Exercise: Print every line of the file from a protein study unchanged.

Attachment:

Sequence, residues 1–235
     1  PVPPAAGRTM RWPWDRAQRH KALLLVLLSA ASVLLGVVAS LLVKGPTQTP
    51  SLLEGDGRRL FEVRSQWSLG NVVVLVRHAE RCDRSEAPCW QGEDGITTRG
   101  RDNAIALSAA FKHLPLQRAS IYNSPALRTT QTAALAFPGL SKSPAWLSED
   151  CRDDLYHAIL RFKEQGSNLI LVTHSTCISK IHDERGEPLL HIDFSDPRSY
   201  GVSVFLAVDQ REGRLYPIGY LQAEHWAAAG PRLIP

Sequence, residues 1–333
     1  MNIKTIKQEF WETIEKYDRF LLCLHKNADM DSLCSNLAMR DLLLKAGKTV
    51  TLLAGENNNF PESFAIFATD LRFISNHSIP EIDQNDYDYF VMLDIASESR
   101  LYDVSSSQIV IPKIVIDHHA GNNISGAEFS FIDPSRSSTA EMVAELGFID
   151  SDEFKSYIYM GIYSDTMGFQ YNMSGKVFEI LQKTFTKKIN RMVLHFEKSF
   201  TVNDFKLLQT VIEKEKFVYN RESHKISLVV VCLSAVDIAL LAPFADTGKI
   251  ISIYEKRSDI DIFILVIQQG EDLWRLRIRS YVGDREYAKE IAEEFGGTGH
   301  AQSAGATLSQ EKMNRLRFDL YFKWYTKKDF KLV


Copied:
Sequence, residues 1–235
     1  PVPPAAGRTM RWPWDRAQRH KALLLVLLSA ASVLLGVVAS LLVKGPTQTP
    51  SLLEGDGRRL FEVRSQWSLG NVVVLVRHAE RCDRSEAPCW QGEDGITTRG
   101  RDNAIALSAA FKHLPLQRAS IYNSPALRTT QTAALAFPGL SKSPAWLSED
   151  CRDDLYHAIL RFKEQGSNLI LVTHSTCISK IHDERGEPLL HIDFSDPRSY
   201  GVSVFLAVDQ REGRLYPIGY LQAEHWAAAG PRLIP

Sequence, residues 1–333
     1  MNIKTIKQEF WETIEKYDRF LLCLHKNADM DSLCSNLAMR DLLLKAGKTV
    51  TLLAGENNNF PESFAIFATD LRFISNHSIP EIDQNDYDYF VMLDIASESR
   101  LYDVSSSQIV IPKIVIDHHA GNNISGAEFS FIDPSRSSTA EMVAELGFID
   151  SDEFKSYIYM GIYSDTMGFQ YNMSGKVFEI LQKTFTKKIN RMVLHFEKSF
   201  TVNDFKLLQT VIEKEKFVYN RESHKISLVV VCLSAVDIAL LAPFADTGKI
   251  ISIYEKRSDI DIFILVIQQG EDLWRLRIRS YVGDREYAKE IAEEFGGTGH
   301  AQSAGATLSQ EKMNRLRFDL YFKWYTKKDF KLV